Keeping the foodservice equipment marketplace up to date with the latest menu and concept trends.


Four Factors Affecting the Foodservice Industry and their Impact on Design

The foodservice industry continues to grapple with myriad issues, all of which impact design, equipment specification and more. Here several consultants from Minnesota-based Rippe Associates share their perspectives on a few of these issues.

All About the Food

Steve CarlsonCompetition in all segments of the foodservice industry is fierce, observes Steve Carlson, FCSI, president, Rippe Associates. “It used to just be the hospitality side where we’re doing exciting things with food; now, it’s in every market,” he says. “Nobody is making compromises on food quality or freshness. Nothing is off the table.” Hospitals, for example, continue to challenge peoples’ expectations that the food won’t be good. “Operators are no longer accepting the fact that they have to feed 3,000 people a day so they can’t make their food exceptional,” he adds. “Today, there are no limitations. It really is finally all about the food.”

In high-volume settings where food quality is still No. 1, Carlson says he sees more constant cooking going on; even if nothing’s exactly to-order, customers will still see all the action and pick up their food while it’s still hot and fresh. “The back-of-the-house space might include pickup lockers to hold food; that’s a change replacing a cafeteria where customers go around to stations and then to a cashier,” says Carlson. “In healthcare, where there’s less time to grab lunch; we’re seeing a lot of pre-ordering and then the food is made just before pickup.”

Equipment and Design Implication: More workspace in the kitchen for plating/experimentation; food cubbies, shelves and insulated lockers for pickup; enhanced hot-holding equipment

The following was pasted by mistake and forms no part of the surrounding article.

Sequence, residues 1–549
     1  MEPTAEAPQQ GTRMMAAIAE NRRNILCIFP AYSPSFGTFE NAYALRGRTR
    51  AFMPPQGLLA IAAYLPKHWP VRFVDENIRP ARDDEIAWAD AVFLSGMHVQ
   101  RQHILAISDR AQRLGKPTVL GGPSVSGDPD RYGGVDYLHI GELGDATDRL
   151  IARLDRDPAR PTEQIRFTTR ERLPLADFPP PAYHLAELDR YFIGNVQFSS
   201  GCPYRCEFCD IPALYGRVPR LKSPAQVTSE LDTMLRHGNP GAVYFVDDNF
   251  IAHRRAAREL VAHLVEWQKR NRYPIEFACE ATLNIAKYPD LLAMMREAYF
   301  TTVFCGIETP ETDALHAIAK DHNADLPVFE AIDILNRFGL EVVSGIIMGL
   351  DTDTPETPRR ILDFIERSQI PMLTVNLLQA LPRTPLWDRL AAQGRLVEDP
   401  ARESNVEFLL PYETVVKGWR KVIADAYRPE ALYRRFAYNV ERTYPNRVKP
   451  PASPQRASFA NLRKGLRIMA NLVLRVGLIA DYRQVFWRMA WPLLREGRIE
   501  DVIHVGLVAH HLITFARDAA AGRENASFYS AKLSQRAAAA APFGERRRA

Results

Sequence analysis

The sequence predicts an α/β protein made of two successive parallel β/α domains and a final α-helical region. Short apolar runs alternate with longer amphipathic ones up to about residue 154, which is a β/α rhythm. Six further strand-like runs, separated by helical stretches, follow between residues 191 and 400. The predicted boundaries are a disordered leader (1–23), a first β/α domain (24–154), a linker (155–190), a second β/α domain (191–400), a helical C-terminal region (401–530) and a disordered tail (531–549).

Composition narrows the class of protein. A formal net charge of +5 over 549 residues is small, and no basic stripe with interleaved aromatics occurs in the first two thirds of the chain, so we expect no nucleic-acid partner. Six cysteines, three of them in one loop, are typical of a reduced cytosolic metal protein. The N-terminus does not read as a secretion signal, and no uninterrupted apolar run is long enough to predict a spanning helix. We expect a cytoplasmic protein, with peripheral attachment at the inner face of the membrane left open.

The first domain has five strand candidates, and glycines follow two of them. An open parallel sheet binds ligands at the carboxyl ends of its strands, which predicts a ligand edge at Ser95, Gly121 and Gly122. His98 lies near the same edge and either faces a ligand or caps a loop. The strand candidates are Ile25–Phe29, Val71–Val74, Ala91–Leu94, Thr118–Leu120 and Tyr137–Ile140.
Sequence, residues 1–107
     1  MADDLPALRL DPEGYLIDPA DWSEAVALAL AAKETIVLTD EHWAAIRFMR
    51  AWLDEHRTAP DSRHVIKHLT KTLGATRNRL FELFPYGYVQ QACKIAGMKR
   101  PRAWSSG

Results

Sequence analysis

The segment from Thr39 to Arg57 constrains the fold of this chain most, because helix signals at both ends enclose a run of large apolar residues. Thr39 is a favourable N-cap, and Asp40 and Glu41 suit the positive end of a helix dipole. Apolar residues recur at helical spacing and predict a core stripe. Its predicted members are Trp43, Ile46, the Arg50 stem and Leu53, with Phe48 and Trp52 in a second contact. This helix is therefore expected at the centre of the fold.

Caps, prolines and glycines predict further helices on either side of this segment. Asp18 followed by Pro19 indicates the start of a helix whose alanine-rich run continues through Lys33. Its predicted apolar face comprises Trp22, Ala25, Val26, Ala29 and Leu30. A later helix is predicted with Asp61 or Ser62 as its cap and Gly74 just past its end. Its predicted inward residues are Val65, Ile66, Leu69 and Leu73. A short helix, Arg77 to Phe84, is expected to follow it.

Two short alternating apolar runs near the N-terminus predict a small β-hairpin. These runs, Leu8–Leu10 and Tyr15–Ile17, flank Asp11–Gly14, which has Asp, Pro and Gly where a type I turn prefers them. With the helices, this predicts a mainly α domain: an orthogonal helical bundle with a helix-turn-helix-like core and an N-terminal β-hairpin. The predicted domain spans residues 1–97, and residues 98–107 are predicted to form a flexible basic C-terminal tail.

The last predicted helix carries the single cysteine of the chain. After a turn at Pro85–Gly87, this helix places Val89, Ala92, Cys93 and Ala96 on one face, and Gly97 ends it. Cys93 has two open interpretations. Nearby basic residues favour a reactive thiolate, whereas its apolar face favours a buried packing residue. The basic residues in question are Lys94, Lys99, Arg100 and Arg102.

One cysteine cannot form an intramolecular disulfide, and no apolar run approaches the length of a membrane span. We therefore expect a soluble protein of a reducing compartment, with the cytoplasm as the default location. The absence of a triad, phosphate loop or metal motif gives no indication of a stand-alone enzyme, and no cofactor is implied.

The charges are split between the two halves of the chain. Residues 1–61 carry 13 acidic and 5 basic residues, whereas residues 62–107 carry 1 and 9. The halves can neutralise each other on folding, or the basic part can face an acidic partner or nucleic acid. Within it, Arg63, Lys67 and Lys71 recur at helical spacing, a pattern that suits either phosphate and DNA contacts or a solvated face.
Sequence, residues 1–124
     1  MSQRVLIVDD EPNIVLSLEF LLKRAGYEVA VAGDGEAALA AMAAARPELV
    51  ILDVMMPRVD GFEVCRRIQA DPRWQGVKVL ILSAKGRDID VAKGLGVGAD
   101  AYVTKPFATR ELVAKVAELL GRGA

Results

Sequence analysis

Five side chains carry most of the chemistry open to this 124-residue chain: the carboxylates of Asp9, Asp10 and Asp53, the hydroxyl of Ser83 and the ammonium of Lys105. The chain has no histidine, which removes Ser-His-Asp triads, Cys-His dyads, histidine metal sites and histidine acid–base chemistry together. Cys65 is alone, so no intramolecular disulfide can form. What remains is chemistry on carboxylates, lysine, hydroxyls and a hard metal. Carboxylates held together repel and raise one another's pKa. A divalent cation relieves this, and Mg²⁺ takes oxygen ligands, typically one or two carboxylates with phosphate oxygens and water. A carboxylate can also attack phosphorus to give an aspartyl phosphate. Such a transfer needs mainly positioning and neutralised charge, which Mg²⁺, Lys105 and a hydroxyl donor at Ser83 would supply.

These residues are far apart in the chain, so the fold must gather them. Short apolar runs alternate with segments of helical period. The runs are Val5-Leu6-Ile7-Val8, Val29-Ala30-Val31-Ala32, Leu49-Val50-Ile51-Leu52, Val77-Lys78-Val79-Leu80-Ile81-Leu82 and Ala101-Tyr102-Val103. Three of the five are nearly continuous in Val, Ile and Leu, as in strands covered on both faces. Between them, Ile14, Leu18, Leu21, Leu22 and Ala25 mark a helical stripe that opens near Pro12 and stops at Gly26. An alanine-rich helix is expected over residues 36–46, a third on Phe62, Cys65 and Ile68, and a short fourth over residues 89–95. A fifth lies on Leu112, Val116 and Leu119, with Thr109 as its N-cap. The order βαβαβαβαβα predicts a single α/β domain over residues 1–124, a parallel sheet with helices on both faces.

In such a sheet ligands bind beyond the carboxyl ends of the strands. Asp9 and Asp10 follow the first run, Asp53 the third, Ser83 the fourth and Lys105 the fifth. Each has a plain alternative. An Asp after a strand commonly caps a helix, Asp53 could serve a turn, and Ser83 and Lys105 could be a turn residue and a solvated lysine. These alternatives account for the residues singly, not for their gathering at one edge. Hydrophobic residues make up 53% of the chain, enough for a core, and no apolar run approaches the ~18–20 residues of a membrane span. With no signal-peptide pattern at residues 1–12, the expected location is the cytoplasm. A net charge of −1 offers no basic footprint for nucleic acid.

Leaning Into Tech

Labor continues to pose problems for the industry, with shortages abounding. That’s where technology comes in; more automation in the back of the house, front of the house and for ordering allows operators to make better use of what labor they do have, requires less labor overall and enhances the customer experience by upping the contactless/convenience factor.

“We’ve seen some hospitality and casino clients that had closed their buffets during the pandemic want to reopen with food halls that deliver food to tables, but they can’t find people to work as food runners,” says Carlson. Instead, many of these concepts leverage technology — perhaps a simple text notification when the food is ready for customer pickup — to get around the challenge. In healthcare, where robots are already used for delivering medicine, some operators use them to deliver patient meals, too.

Carlson also points out the rapid growth of Amazon’s Just Walk Out technology to help satisfy consumers’ cravings for convenience by allowing customers to simply walk into a market, grab what they want and walk out the door without reaching for their wallet. “We are working with several clients who want to use this technology for grab-and-go spaces we are planning,” he says. It’s a win for operators, too, who want to see their speed of service and food and beverage sales increase.